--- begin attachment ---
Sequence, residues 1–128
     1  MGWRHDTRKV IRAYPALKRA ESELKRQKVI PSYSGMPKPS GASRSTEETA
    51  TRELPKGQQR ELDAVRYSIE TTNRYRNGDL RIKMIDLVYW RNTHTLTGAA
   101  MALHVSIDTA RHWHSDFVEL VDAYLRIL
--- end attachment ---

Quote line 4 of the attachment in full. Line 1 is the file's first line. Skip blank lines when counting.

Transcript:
   101  MALHVSIDTA RHWHSDFVEL VDAYLRIL